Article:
Strategy to tackle militancy draws world’s attention

Strategy to tackle militancy draws world’s attention
Updated 09 March 2015

Strategy to tackle militancy draws world’s attention

Strategy to tackle militancy draws world’s attention

Saudi Arabia has adopted a new approach to combating terrorism since 2004, which involves challenging its ideological roots by promoting moderate messages and security. The new approach was taken after an increase in terrorist attacks between the early 1990s and the year 2003.
The Kingdom’s approach, which is described locally as counseling, involves rehabilitating detainees with extremist and radical ideologies to bring them toward more moderate thought.
The success of this approach has attracted the attention and interests of many countries worldwide, including the US. In a study recently published by the American Council on Foreign Relations titled ‘The Saudi experience in combating extremism,” Marissa Burgess, a specialist in international affairs at the council describes the Kingdom’s strategy as a new way of dealing with terrorist threats based on combining security efforts and promoting more moderate perspectives.
“This strategy has focused on rehabilitating prisoners through moderate religious programs, psychosocial support, and financial support which, in turn, has allowed them to reintegrate into society and has proven to be widely successful.”
According to the study, religious scholars and experts in human and social psychology have supervised nearly 4,000 detainees. Initial focus was on detainees not directly involved in terrorist operations, but has since extended to involve detainees who repatriated Guantanamo and fighters returning from Iraq.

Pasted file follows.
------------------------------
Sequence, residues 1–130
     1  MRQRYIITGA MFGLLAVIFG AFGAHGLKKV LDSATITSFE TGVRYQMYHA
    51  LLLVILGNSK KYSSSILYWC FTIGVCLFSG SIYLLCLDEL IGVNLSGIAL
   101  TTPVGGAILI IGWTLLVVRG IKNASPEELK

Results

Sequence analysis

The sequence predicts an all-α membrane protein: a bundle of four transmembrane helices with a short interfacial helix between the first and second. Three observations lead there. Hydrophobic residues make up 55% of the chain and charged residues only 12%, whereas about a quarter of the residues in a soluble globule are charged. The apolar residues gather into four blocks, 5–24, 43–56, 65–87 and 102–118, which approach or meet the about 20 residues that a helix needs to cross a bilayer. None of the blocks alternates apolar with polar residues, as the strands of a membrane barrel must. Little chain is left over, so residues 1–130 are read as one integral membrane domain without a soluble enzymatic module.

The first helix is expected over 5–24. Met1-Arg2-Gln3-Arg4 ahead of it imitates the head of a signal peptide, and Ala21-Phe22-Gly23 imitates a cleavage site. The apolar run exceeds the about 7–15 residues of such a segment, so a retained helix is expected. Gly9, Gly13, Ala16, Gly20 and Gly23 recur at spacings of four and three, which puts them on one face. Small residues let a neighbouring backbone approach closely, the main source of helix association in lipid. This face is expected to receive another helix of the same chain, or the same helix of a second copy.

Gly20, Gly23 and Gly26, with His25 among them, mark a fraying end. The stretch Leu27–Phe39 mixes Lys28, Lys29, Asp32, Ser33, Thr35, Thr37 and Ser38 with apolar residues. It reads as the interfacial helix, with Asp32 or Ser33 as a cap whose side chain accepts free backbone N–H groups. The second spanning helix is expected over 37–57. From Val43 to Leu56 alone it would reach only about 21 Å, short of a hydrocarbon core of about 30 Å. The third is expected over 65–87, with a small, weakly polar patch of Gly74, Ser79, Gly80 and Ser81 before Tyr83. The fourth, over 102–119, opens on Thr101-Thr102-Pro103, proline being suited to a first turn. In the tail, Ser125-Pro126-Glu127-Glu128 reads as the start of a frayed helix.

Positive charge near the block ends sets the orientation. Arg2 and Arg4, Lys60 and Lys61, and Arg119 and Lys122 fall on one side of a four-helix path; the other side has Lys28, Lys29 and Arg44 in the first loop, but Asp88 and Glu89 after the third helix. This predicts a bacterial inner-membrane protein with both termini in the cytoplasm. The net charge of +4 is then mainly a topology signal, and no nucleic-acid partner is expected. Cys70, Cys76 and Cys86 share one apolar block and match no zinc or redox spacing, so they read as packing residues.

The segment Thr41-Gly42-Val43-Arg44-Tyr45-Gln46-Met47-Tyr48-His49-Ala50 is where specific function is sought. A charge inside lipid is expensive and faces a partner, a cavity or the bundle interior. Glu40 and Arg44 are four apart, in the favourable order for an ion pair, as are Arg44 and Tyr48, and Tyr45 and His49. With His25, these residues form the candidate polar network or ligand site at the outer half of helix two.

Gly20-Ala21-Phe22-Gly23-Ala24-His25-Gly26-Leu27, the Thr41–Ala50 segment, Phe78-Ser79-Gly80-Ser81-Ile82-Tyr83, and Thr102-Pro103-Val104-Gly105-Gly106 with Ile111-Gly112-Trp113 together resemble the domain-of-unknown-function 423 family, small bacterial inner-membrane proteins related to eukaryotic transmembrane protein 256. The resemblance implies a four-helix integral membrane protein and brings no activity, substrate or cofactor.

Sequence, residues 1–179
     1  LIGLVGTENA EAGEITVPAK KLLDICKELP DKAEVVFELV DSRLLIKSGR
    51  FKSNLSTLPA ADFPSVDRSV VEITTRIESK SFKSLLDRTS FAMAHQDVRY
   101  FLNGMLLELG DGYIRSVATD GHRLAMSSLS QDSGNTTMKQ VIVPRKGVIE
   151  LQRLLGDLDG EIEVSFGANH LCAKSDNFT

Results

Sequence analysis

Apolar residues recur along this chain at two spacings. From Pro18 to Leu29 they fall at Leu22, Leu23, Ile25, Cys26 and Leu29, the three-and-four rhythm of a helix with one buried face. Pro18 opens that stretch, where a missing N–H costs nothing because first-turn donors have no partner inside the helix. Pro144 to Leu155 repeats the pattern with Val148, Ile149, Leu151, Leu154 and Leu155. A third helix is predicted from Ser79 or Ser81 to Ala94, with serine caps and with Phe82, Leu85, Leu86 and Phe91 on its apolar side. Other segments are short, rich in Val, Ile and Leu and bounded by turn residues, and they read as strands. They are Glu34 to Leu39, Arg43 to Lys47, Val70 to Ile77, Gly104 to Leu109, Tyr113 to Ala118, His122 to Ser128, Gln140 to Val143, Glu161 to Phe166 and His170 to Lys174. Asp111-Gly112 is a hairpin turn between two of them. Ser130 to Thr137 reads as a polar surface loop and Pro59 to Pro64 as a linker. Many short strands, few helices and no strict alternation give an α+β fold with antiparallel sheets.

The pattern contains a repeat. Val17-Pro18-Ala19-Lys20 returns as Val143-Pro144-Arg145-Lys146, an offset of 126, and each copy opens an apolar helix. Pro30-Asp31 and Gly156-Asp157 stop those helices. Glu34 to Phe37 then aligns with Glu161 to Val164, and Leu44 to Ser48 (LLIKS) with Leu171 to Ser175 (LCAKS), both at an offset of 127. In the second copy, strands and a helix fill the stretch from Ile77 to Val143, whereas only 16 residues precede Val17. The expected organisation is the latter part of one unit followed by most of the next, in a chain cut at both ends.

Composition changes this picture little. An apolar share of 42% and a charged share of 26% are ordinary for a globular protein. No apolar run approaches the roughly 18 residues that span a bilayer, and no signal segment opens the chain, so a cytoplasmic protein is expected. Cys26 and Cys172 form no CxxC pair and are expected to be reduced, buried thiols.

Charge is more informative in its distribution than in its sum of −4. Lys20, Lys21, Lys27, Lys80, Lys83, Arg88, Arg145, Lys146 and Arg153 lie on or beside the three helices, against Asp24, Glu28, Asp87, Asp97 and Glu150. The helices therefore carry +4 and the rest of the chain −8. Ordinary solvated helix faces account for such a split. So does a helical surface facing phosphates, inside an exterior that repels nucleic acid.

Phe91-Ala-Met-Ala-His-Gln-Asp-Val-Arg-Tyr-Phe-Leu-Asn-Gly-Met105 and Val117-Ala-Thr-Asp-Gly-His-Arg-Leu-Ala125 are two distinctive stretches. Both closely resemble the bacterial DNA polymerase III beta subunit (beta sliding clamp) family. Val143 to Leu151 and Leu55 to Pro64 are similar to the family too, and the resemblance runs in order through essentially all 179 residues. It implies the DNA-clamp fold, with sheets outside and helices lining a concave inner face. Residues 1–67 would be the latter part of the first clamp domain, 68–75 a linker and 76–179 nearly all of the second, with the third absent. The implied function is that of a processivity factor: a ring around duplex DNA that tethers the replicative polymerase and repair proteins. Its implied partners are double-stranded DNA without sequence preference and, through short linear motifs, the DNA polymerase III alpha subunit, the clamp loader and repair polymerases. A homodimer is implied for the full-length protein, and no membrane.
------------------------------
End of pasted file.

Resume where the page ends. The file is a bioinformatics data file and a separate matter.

Religion has also played a big role in the Saudi experience, as confirms a study conducted by researches Bruce Reidel and Bilal Saab. Their joint research study published in The Washington Quarterly Journal reveals that religious fatwas complement the Saudi strategy to combat terrorism, citing the example of the fatwa issued by Sheikh Abdulaziz bin Abdullah Al-Sheikh in 2007 warning Saudi youth from joining terrorist organizations abroad.
Research conducted by specialists within the Middle East Program at Carnegie Endowment of International Peace describes the Kingdom’s plan as consisting of “prevention, rehabilitation, and convalescent.” The strategy requires officials recognizing that confronting extremism and terrorism cannot occur through traditional security means alone, but also requires combating ideological roots and the involvement of various concerned state institutions to apply supporting programs.
According to Burgess, the Saudi model has attracted the attention of various countries worldwide, especially US, which sees these programs as a potential role model for combating extremism in countries such as Afghanistan. “US officials are trying to push other countries to adopt this Saudi strategy in order to fight terrorism globally.”
However, experts in the field of terrorism are asking questions about its relevance and applicability in other countries that may not have the luxury to use soft approaches in dealing with terrorist threats.
Burgess’ study “recognizes that the Saudi rehabilitation program suffers from obvious challenges, but it has showed preliminary results of success in treating a number of detainees and reintegrating them into society.”
Despite significant success, challenges may be evident in the ratio of detainees who return to terrorism activities upon completing Saudi rehabilitation programs as indicated in statistical ad regression analysis findings. The US Department of Defense estimates 10 and 20 percent of those released from prison return to the illegal activity.